This should work, and won’t send your sidebar south either. Just make sure you edit ALL ‘width’ values for the content / sidebar elements appropriately.

The thing is that your sidebar has plenty of styles, so you’ll have to adjust them appropriately as well. As a rule of thumb, just added x pixels to the previous width (where x is the number of pixels you’re adding to the main sidebar width) will work.

And if you have any troubles, let me know here.

Apart from site width, there were a few other suggestions I had in mind:

  • Use horizontal navigation at the top of your site – makes it easier for users and also helps with SEO (in helping Google identify distinct sections of your site, so they can point searchers to them – see this search and then the navigation menu of the site in question)
  • Promote your feed as high up the sidebar as possible – see how I’ve done it at SL – maybe put it right below the search box? This should definitely help boost your feed subscriptions.
  • Re-jig your sidebar / site layout to make important content / ads as prominent as possible and above the fold where possible. Don’t sacrifice something as key as search / feeds for this though. Moving navigation from the sidebar to the top menu will give you more space.
  • The gauge in your site banner – on the right – if you make the needle point to the right instead of the left, it looks better, more ‘revved up’. Just a gut feeling there, you’ll know better if you had both versions in front of you.


Paul’s already got a handle on the search engines, and he’s done well with building a regular readership. However, according to him he rarely gets his site on digg, and I think that’s one avenue that he can / should explore. It will probably require Paul to move outside the South East Asian niche and tackle broader topics, but cars, images, stats and lists make a dynamite combination and it’s hard NOT to get such posts dugg.

My suggestions – Paul should read up on the linkbaiting material referenced here, here and here (the last 3 blog reboots) and then work on 1 linkbait per week (or 2, if he has the time for it). Link baiting, like blogging, takes time and a series of link baits spread over a period of several weeks will help increase backlinks, regular traffic and as a knock-on effect, media exposure.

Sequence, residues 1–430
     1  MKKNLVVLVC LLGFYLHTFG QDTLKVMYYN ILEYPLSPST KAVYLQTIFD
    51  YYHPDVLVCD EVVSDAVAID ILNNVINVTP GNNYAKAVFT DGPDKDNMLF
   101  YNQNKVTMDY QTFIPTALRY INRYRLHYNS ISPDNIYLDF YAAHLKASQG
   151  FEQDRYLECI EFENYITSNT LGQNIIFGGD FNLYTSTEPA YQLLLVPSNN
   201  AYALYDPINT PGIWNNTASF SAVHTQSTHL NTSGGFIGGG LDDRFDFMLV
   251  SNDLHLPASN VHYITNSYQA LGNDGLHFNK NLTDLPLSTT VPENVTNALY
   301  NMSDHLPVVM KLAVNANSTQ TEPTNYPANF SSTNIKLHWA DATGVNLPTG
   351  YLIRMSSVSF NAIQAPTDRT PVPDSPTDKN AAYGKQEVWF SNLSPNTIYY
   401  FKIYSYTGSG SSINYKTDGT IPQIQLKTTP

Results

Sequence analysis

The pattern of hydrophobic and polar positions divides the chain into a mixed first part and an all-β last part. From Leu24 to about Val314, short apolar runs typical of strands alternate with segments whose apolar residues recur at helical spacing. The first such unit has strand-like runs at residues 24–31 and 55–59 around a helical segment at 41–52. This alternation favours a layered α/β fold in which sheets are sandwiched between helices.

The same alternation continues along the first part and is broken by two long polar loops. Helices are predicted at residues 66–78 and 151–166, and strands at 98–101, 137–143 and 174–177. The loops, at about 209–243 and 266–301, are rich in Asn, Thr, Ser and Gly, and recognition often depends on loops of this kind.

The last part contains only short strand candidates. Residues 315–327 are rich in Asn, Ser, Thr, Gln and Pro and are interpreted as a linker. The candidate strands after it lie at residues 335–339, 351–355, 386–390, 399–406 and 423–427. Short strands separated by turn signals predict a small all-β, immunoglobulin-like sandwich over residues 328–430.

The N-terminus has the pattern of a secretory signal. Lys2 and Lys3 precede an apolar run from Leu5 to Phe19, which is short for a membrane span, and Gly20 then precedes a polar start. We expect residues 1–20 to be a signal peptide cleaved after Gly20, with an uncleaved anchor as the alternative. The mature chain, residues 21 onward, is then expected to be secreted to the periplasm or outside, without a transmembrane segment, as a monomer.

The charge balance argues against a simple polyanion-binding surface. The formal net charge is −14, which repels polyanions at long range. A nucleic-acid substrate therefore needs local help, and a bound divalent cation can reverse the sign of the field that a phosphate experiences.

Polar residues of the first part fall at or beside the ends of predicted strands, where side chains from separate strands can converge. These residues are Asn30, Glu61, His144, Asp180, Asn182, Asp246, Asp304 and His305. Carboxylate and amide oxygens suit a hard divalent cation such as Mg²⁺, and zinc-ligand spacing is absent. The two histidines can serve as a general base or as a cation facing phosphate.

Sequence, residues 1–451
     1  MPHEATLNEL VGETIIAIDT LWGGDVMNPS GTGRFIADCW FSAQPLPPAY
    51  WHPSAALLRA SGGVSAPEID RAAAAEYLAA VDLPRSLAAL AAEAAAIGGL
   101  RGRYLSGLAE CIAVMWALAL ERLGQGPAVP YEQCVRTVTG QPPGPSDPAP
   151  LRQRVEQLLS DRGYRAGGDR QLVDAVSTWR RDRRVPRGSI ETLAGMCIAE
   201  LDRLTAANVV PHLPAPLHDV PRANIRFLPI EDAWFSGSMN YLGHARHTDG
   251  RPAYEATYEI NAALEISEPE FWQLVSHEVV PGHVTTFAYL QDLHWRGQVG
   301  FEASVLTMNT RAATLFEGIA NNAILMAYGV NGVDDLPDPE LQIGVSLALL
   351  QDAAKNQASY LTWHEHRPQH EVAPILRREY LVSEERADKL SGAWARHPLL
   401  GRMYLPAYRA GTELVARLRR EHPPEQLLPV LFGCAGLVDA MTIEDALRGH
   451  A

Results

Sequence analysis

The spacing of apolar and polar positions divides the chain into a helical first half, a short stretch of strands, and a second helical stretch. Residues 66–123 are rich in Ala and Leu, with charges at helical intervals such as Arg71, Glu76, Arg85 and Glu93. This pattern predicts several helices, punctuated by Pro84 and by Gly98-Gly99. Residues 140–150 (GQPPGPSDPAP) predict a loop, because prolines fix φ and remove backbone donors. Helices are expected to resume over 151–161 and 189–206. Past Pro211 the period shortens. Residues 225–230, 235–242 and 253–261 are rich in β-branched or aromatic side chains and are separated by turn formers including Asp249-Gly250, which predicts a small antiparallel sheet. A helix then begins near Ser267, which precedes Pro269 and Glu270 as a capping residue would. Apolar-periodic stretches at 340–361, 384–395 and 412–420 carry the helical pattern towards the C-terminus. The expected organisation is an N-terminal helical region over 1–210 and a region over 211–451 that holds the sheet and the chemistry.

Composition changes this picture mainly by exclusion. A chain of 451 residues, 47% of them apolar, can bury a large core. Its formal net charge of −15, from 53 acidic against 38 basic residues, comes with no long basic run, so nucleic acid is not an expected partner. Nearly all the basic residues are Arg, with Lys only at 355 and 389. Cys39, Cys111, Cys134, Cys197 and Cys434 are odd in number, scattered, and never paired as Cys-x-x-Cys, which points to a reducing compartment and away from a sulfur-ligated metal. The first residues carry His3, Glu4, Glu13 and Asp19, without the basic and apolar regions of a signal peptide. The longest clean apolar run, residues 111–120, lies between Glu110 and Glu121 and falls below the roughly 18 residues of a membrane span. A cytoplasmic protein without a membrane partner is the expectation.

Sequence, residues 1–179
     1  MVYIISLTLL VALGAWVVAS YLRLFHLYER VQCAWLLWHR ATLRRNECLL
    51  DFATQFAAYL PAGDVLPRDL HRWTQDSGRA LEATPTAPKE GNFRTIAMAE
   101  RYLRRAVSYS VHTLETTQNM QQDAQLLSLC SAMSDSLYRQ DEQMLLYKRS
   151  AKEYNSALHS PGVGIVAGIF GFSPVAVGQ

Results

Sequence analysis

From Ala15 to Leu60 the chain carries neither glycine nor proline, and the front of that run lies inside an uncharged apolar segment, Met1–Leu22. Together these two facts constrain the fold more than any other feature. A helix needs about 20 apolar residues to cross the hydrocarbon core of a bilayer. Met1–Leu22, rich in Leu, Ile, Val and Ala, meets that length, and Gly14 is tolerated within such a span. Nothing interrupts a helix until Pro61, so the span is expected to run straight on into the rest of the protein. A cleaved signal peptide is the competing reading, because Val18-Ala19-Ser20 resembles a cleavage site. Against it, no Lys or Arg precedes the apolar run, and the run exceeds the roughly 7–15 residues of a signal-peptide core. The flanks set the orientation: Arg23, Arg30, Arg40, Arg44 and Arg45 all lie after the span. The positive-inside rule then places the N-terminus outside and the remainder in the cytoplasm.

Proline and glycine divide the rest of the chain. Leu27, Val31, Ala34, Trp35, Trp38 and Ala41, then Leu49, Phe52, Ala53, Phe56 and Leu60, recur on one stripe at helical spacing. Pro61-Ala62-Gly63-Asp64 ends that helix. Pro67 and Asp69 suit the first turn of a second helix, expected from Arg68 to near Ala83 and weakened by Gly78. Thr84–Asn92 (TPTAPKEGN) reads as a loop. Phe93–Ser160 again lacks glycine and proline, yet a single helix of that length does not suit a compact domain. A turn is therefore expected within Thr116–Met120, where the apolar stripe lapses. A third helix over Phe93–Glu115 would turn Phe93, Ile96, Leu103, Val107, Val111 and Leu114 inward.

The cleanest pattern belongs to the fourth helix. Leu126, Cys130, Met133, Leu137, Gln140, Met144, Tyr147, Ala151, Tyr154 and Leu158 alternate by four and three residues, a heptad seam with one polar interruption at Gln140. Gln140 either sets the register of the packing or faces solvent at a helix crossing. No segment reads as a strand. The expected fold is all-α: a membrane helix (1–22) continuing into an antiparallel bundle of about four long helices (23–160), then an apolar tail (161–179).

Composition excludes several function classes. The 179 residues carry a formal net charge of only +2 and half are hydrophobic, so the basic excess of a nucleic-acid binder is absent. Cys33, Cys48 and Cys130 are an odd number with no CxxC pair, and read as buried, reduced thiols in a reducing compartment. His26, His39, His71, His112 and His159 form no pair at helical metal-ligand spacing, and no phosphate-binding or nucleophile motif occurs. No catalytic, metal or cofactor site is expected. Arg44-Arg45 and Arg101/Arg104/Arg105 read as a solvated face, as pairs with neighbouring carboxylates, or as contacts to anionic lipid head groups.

What else? Since Paul’s an authority himself, I’d suggest that he targets authority sites from other niches. Some examples:

  • web design blogs (a list of the best designed car blogs?)
  • business / finance bloggers
  • political bloggers (how is the car industry related to politics in south east asia?)
  • marketing bloggers (best car ads)

This will get him high-trust links from outside his niche, which will build up his overall site authority and increase his search engine rankings.

And at this stage, some old school SEO targeting niche keyword research and writing targeted posts for those terms will help as well – with an established site getting first page rankings in Google for most 3-word search terms is relatively easy.


Paul makes more money from his blog in 1 month than most people do from blogging in 1 year – however most of that income is from AdSense and as a result there are still plenty of opportunities for Paul to make more money from his site.

First, I suggest experimenting with more AdSense options and placement. For single posts, I’d recommend adding a rectangle ad (300×250 or the bigger version) at the top of the post, right-aligned (look at SL for how I’ve done this). This method requires you to have a wide content area, especially if you use images in every post, but it can easily be managed. With that in place you could remove the single ad mid-post, keep the left-aligned block at the end of posts and add a skyscraper in the sidebar (in place of the navigation, perhaps).

Apart from AdSense, I see that you’ve also implemented Kontera – it would be interesting to know how well it’s doing for you.